Global Presence, Name Recognition, Affordability Are Key Areas for President

President -Conwell -ArrivalJames C. Conwell, PhD, PE, addressed a few topics in an interview with national technology and business journalist Carolyn Duffy Marsan. Here are excerpts from that recent conversation:

Q: What attracted you to the job of Rose-Hulman president?

A: I’ve been on the front lines of engineering innovation for the last 17 years, and it is clear there’s an education crisis in America. Our country is simply not educating enough scientists, engineers, and mathematicians, and our industry is suffering. There are around 15,000 engineering and technical jobs in Michigan alone that can’t be filled today because of a shortage of qualified applicants. In terms of a higher personal purpose, I have an interest in being part of the solution for our industry and for our country’s place in the world. What interested me specifically about Rose-Hulman as an institution are the incredible personal relationships that the faculty and staff form with the students, the focus on undergraduate education, and the great concern the institute has for making sure students are capable of handling the challenges that are facing our society and our world.

Q: What are the best attributes of a Rose-Hulman education that you want to nurture during your tenure as president?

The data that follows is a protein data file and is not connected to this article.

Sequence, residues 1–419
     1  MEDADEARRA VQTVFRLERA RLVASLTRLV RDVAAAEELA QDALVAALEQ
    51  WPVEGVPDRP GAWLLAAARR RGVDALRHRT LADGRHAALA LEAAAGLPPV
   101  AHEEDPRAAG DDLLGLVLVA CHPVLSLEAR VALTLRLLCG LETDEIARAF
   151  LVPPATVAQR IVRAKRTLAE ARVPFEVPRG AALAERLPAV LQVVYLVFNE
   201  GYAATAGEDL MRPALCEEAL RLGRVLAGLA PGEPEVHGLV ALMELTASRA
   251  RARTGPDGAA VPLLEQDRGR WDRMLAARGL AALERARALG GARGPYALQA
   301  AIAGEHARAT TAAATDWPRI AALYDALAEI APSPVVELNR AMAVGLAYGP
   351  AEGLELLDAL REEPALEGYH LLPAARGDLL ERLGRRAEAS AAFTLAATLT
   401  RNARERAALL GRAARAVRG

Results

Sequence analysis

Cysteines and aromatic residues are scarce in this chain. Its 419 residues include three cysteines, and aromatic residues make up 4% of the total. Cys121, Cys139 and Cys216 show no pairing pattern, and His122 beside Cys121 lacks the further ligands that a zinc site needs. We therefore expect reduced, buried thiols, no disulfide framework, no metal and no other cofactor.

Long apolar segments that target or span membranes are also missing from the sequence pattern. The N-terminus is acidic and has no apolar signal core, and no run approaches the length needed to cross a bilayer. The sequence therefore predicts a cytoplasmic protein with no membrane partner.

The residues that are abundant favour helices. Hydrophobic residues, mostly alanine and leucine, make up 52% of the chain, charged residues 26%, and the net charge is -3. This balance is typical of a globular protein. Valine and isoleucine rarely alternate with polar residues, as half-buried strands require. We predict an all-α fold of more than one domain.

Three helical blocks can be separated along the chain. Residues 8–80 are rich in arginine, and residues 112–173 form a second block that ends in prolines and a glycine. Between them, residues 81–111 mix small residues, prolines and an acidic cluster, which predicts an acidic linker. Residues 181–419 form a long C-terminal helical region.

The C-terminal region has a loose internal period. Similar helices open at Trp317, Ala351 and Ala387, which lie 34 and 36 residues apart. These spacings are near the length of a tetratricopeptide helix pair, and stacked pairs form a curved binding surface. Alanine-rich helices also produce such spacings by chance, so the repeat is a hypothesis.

A: Rose-Hulman’s best attribute is the personal connection that the entire institute—-the faculty, staff, and its leaders—-has with the students. Every single person on campus takes an interest in the students. The culture of caring that exists throughout the institute is something that I want to protect and preserve. Also, Rose-Hulman students leave still curious, with the ability to be lifelong learners, to understand technology, and to address the challenges of a global society. I want to make sure we nurture that.

Q: Students, parents, and government leaders are putting pressure on higher education to hold down costs and demonstrate a return on investment for their degrees. What plans do you have for increasing the affordability of a Rose-Hulman education?

A: Education is one of the best investments you can ever make. I feel an unaffordable education is one that doesn’t help you land a good job upon graduation. More than 90 percent of our students have a job, have been accepted to graduate or medical school, or have been commissioned to military service by graduation. Companies who hire our graduates recognize the high-quality value of a Rose-Hulman education. That said, our strategic plan calls for Rose-Hulman to be an affordable institute of choice for students who are passionate about science, engineering, and mathematics. We will be studying costs as well as our ability to increase financial and merit aid.